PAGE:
This sounds random, but hear me out. I believe that children are our future; teach them well and let them lead the way.
So said Whitney Houston, back in 1985. Yet 34 years later, kids are simultaneously our beacon of hope and a sign of the apocalypse. How are we teaching them? Many parents freely offer their kids vast amounts of processed foods, some of which are marketed as being healthy. Couple that with the ubiquity of tiny tots using handheld devices, and I envision a future not unlike the one depicted in the movie WALL-E: motionless humans being fed processed food and prepackaged entertainment, all day, every day.
To counterbalance that negativity, here’s one final point ...
I’m proud of our research staff — they’re open to unrelenting criticism from our reviewers, they’re fun to work with, and they care about helping people. But while our staff is great, and our research is sound, the tech behind our website was mediocre for many years. And that might be part of the reason why more people don’t know about Examine.com. So we’ve implemented a cleaner, faster redesign, and we’re now moving on to step two of our evolution: filling in some research gaps and making the site easier to read (with more-informative summaries, more graphics, and more practical takeaways).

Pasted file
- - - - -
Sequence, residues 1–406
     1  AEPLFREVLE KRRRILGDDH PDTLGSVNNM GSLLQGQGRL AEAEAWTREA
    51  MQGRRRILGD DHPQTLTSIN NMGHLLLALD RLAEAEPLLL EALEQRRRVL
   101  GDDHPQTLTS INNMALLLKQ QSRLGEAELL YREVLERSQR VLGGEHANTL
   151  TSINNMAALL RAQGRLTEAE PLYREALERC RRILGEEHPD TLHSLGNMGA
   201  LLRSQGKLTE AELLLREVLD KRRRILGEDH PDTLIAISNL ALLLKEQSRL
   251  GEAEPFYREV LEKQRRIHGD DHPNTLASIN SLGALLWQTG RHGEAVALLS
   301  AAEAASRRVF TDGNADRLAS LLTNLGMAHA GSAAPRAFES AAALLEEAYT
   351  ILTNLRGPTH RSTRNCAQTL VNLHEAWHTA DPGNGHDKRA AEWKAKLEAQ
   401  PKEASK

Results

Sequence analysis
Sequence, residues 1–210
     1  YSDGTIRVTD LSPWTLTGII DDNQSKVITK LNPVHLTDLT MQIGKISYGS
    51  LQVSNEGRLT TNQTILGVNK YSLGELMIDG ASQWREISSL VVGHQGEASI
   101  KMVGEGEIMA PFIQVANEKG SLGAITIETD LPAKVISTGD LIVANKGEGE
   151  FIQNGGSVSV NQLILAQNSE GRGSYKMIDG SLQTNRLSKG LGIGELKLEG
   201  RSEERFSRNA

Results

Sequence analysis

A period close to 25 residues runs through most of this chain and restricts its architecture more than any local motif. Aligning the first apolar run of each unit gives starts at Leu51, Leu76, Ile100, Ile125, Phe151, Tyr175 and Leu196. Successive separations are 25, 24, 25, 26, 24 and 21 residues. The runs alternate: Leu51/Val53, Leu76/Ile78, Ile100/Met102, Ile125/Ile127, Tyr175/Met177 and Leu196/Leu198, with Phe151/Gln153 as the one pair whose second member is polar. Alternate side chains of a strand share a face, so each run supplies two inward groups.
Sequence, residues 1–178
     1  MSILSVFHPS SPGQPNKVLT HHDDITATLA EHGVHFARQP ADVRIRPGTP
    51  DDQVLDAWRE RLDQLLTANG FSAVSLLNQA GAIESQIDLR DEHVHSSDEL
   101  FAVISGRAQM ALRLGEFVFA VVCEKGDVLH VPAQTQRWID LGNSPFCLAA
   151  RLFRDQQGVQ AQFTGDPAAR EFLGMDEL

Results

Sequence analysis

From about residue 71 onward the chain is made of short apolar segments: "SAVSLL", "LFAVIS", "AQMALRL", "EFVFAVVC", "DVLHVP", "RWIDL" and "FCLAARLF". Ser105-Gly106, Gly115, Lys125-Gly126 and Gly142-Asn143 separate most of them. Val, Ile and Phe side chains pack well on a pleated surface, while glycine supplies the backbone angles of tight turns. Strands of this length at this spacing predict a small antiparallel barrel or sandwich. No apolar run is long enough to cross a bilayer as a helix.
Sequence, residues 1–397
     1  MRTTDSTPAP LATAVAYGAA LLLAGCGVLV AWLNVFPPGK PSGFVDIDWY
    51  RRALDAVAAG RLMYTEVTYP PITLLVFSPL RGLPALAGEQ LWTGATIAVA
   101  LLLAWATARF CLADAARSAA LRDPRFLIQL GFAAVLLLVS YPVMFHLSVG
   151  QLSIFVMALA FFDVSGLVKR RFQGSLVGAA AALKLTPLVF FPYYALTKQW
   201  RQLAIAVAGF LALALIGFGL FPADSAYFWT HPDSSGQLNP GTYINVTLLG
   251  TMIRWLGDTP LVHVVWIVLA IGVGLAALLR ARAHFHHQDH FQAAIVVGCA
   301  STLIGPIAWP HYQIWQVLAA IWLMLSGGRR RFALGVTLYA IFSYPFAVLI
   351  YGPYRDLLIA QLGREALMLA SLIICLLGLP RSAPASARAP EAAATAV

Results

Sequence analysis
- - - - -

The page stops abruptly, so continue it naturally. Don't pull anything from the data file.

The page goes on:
Everyone should know about Examine.com — it’s the only 100% independent database of nutrition and supplementation studies, and … well, it’s kind of awesome. We’ve gotten many emails about how our objective analyses have helped people’s health and well-being. But our job isn’t just to do the research; we also have to make the research accessible, and for that, our writing must be clear and precise, and our website must be pleasant and easy to use. We’re on it!
Kamal Patel & the Examine.com Team